Unstructured data can be stored in the form of NoSQL databases which, as the name suggests do not rely on traditional SQL query-based relational databases, rather the information is stored in the form of JSON file consisting of key/value pairs, some notable NoSQL databases include MongoDB, AmazonDB and Google Firebase.

There are two approaches to analyzing this form of data - to either transform it into structured data or to use exploratory data analysis and other techniques to extract information while the data remains in an unstructured form.

Transforming to a structured dataset results in convenience but causes loss of potentially valuable information as discussed before. In contrast, tools and techniques can be used which extract information regardless of the underlying structure of the data.

Advantages of Unstructured Data:

It has been found that 80% of “business-relevant” information is generated and initially collected in unstructured form, hence it is available in a significant volume. Such a significant volume of data warrants exploratory analysis to extract actionable business intelligence.

This type of data can be used to improve customer service by helping understand customer needs, shortcomings and any communication gaps between customers and a service. Knowing more about what customers have to say or act in similar situations gives room to business innovations. Gaps filled with the help of a more comprehensive unstructured data help not only overcome shortcomings but also introduce new features/services which could appeal to a targeted customer base.

Disadvantages of Unstructured Data:

Transforming and processing unstructured data brings a different set of costs and challenges in terms of data analytics and data security. It is also difficult to perform essential operations such as CRUD (Create Read Update and Delete) on this type of data due to a lack of schema and structure.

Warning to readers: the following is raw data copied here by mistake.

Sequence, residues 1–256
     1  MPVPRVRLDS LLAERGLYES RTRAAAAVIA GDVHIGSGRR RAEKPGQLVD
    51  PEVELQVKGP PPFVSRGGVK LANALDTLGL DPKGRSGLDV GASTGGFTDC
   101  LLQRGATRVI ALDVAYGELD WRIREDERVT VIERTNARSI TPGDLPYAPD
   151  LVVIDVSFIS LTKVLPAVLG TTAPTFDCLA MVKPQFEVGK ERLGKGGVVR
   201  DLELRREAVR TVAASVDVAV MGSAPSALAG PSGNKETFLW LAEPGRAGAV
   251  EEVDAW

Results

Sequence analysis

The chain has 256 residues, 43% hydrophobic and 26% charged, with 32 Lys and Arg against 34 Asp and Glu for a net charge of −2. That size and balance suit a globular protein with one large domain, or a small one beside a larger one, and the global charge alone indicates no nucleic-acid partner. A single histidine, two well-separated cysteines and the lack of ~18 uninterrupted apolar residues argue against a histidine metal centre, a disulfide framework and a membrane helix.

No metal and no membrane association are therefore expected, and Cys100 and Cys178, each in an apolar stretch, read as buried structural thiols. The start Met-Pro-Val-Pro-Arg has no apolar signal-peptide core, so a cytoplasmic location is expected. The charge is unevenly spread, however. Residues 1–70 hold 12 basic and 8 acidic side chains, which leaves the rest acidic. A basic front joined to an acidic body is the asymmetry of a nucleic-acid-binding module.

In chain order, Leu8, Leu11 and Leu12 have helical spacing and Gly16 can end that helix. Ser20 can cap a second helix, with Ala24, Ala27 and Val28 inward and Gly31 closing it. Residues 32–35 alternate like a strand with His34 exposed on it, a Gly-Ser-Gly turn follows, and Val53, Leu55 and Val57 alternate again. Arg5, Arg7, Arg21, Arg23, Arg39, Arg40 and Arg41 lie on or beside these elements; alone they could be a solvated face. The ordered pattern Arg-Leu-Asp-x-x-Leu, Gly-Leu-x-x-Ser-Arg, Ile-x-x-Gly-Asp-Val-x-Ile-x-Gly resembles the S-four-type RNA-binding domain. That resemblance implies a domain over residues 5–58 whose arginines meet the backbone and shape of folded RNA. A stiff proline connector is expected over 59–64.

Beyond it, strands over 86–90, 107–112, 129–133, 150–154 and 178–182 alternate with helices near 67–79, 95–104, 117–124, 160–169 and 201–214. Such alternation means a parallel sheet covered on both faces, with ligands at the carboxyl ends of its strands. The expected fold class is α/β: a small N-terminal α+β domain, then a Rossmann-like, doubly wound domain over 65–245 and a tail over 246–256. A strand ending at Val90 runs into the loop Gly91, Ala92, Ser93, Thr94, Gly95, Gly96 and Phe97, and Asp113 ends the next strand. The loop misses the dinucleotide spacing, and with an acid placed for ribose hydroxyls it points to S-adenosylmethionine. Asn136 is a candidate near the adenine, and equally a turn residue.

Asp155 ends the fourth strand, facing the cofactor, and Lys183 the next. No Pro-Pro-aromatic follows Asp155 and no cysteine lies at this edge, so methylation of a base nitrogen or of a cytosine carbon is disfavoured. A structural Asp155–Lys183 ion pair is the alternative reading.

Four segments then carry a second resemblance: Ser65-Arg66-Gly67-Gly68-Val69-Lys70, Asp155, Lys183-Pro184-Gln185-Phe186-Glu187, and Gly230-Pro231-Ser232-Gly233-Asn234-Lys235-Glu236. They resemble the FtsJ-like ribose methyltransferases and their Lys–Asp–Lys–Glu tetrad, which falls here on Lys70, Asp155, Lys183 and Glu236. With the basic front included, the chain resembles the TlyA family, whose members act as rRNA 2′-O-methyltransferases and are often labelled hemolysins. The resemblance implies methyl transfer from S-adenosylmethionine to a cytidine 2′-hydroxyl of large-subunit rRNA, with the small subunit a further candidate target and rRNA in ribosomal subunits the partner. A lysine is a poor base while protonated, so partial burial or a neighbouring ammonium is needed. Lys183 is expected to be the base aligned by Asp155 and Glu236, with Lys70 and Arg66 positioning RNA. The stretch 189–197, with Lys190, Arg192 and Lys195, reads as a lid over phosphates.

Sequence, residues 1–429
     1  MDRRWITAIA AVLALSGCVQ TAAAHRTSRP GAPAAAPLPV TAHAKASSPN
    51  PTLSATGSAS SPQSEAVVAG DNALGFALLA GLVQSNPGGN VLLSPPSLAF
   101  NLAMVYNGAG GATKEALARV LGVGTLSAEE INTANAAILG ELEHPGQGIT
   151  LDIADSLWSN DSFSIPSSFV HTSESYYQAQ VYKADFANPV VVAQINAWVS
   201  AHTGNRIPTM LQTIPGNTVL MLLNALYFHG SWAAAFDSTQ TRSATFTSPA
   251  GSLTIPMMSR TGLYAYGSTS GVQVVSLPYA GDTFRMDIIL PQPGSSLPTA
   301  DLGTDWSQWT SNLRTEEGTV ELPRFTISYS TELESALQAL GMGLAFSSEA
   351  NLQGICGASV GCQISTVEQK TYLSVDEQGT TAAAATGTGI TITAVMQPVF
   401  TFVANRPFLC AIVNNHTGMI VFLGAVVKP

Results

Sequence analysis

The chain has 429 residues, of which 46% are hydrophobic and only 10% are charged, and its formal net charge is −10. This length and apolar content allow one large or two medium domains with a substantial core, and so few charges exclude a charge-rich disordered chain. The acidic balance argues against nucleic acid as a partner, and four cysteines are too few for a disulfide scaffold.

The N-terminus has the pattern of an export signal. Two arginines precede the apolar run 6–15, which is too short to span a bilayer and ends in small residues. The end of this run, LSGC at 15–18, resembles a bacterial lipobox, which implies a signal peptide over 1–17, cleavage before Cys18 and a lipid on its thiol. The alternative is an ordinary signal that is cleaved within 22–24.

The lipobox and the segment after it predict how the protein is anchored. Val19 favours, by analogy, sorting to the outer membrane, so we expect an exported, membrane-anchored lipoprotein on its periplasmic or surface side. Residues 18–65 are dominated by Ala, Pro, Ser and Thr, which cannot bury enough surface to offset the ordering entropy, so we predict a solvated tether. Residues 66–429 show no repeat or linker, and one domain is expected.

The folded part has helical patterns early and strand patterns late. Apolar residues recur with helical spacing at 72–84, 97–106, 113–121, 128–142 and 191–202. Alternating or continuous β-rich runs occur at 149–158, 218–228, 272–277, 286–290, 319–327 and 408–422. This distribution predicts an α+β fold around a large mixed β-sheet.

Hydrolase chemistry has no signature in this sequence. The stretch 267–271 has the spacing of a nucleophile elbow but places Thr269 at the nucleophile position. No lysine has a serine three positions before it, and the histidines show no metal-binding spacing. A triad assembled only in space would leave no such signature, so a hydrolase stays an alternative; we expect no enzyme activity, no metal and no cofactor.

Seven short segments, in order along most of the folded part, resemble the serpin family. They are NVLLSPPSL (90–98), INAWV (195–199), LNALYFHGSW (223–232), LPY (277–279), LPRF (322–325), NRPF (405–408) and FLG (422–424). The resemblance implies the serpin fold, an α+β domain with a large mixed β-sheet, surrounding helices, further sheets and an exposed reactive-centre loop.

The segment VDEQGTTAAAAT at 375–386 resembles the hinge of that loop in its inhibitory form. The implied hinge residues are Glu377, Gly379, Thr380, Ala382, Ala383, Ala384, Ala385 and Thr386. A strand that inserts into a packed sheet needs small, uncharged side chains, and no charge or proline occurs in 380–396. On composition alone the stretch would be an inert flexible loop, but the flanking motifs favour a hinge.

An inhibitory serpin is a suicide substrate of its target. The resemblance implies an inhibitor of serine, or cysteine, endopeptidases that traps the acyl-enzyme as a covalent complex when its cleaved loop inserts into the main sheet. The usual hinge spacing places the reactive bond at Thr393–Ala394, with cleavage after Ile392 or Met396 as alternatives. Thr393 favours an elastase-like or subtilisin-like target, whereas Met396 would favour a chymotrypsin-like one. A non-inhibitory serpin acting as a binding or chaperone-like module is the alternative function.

How is unstructured data used?

Following are some examples of how unstructured data is used:

  1. Self-driving cars: Datasets consisting of labelled images and videos are used to train predictive Artificial Intelligence models which are able to learn patterns and images using the labelled dataset before they eventually make decisions on the road.
  2. Sentiment analysis: It is defined as the “contextual mining of text which identifies and extracts subjective information in the source material and helping a business to understand the social sentiment of their brand, product or service while monitoring online conversations” (source).

    For instance, a sentiment analysis could be performed on Apple’s customer base by extracting all tweets which have a hashtag (e.g. #Apple, #apple) or tagged the official account (@Apple). A classifier model can then be trained to predict the sentiment of any new tweet in the future.
  3. Recommendation systems: Unstructured data in the form of data points can be used to track the user’s behaviour and suggest content on OTT services or advertisements on social media based on their previous preferences and spending history. For instance, the “you might like” section on Netflix or the advertisements appearing on your Facebook feed is done with the help of recommendation systems trained on unstructured data.


Data is essential as it provides valuable business insights. however, there are different kinds of data generated by a range of data sources-structured and unstructured data. Structured data can be stored in an RDBMS while unstructured data follows no particular conventions.

Performing operations and analysis on structured data is much more convenient however since most of the data is generated in unstructured form, utilizing it provides a more comprehensive story.

With Macrometa's ready-to-go industry solutions, enterprises can store and serve any kind of data, anywhere in the world.

Related reading:

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The Journey to A Data-Driven Enterprise